The downbeat atmosphere was compounded in some markets by another disappointing set of manufacturing figures from China that added to concerns about growth in the world's number two economy.
Tokyo shed 1.27%, or 188.84 points, to 14,652.23, and Hong Kong tumbled 1.47%, or 336.29 points to 22,500.67. However, Shanghai rose 0.92%, or 18.93 points, to 2,075.23 as investors brushed off the weak manufacturing figures ahead of Beijing's annual policy gathering later in the week.
Jakarta dropped 0.78%, or 36.01 points, to 4,584.21, Kuala Lumpur slid 0.60%, or 10.97 points, to 1,824.69, Manila closed 0.27% lower, giving up 17.47 points to 6,407.52, and Singapore lost 0.75%, or 23.31 points, to 3,087.47.
The long-running political crisis in Ukraine took another turn Saturday when lawmakers in Moscow voted to allow President Vladimir Putin to send troops into Crimea, a mainly Russian-speaking peninsula in the southeast of the ex-Soviet state.
In what has become the most serious crisis since the end of the Cold War, global leaders condemned the move as Ukraine's new Western-backed Prime minister Arseniy Yatsenyuk warned: ''We are on the brink of a disaster.''
US President Barack Obama branded the move a ''violation of Ukrainian sovereignty'', while Secretary of State John Kerry warned Moscow faced being kicked out of the Group of Eight economic grouping if it did not step back.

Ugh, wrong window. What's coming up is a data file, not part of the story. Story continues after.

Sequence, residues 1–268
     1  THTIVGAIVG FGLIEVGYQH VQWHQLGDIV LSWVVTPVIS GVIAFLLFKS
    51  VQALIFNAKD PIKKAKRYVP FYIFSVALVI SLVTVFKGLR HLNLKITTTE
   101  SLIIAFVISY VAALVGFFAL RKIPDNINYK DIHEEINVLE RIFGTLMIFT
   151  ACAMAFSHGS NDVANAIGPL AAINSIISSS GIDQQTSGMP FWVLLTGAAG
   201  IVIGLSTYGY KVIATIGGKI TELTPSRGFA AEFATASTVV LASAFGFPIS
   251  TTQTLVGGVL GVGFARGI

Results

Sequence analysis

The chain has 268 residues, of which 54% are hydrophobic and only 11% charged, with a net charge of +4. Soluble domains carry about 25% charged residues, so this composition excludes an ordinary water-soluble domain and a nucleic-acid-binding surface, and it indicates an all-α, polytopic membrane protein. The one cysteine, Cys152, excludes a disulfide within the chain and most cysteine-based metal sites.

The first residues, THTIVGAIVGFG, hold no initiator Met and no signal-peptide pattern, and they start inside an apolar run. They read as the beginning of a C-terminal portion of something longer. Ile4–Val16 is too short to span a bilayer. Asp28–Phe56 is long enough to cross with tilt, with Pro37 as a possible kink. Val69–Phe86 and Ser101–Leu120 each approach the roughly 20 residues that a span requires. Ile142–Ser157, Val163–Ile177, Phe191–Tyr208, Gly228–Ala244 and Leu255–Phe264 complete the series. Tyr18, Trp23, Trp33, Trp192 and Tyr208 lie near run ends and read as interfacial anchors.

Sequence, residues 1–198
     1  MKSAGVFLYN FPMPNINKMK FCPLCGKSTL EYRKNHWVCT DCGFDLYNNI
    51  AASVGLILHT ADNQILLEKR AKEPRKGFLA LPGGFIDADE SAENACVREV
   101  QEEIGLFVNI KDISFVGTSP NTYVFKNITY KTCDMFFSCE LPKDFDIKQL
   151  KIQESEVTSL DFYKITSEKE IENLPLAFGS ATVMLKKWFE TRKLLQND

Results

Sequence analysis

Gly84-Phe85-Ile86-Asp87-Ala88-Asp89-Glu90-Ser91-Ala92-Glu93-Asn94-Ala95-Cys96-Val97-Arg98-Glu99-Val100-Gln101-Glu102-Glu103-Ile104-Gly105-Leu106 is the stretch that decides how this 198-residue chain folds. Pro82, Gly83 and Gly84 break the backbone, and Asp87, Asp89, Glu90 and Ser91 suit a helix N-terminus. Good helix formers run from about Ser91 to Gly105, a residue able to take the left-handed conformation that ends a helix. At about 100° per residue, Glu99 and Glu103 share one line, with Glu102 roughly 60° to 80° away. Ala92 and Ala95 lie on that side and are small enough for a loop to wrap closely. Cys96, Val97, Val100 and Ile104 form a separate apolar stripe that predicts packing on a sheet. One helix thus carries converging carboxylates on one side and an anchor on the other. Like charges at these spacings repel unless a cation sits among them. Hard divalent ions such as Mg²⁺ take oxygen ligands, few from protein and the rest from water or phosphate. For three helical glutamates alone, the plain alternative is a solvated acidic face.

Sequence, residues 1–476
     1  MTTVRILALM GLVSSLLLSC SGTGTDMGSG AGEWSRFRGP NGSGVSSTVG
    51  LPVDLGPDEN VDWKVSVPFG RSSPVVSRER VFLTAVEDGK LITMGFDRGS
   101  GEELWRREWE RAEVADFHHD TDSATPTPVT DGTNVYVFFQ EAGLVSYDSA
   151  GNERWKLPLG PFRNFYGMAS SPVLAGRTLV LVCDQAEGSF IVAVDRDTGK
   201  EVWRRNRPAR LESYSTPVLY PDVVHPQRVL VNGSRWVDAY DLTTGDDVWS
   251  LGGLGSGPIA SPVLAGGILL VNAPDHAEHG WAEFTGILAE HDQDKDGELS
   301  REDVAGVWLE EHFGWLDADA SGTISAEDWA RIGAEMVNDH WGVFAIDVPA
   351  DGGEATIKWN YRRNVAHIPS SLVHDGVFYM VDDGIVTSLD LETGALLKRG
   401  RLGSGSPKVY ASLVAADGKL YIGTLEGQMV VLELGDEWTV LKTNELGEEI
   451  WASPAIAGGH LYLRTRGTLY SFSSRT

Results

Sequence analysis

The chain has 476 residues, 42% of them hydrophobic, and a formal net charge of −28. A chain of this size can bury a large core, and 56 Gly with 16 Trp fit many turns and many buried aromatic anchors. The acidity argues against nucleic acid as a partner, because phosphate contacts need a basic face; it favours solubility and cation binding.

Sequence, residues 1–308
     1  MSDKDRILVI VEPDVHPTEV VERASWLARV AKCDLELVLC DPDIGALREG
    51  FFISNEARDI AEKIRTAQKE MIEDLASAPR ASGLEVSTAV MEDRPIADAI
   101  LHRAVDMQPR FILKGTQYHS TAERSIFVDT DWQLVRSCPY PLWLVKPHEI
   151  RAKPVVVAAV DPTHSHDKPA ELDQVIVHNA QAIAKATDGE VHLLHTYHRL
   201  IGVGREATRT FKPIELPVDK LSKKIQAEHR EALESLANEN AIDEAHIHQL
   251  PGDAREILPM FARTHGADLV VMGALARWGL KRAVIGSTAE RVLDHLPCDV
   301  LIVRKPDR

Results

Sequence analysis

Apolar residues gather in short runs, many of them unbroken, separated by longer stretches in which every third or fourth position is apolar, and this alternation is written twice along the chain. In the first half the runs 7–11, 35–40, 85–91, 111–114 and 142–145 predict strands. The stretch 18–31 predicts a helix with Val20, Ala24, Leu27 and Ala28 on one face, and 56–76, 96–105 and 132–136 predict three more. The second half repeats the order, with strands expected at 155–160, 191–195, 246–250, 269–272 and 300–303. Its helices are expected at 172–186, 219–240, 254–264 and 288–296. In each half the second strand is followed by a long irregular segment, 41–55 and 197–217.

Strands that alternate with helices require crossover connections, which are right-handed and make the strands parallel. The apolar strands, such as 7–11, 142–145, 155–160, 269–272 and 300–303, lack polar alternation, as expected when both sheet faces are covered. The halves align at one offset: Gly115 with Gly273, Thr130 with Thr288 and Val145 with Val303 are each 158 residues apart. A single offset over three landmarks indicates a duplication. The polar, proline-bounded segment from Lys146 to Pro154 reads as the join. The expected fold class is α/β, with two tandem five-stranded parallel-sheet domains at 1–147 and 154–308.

Atsushi Hirano, head of FX sales Japan at Royal Bank of Scotland, told Dow Jones Newswires: ''Tensions have risen with the United States. Stocks are likely to be negatively affected.''
The tensions sent investors scurrying to the yen, which is considered a safe bet in times of political and economic uncertainty. In afternoon trade the dollar was at 101.33 yen, compared with 101.76 yen in New York Friday afternoon, while the euro fetched 139.51 yen against 140.44 yen.
The euro bought US$1.3777 against $1.3800.
With Russia also a huge supplier of oil to European nations, the price of both main crude contracts also spiked.
New York's main contract, West Texas Intermediate for April delivery, gained $1.72 to $104.31 in afternoon trade, and Brent North Sea crude for April jumped $2.14 to $111.21.
There were renewed worries about the health of China's economy after Beijing said its official purchasing managers' index (PMI) of manufacturing activity fell to an eight-month low of 50.2 last month.
The figure represents the third straight drop following a reading of 50.5 in January, 51.0 in December and 51.4 in November.
A figure above 50 indicates expansion while one below shows contraction. However, officials stressed that the result was skewed by the Chinese New Year holidays at the start of the month.
Later in the day HSBC said its final PMI fell to 48.5 last month, the weakest reading since July when the figure stood at 47.7, according to the British bank.
China's economic growth has weakened in recent years, hitting 7.7% in 2013, the lowest level since 1999. Analysts expect a further drop to 7.5% this year.
Eyes will now be on the annual National People's Congress, which opens this week. The event will be closely watched for the disclosure of China's annual growth target.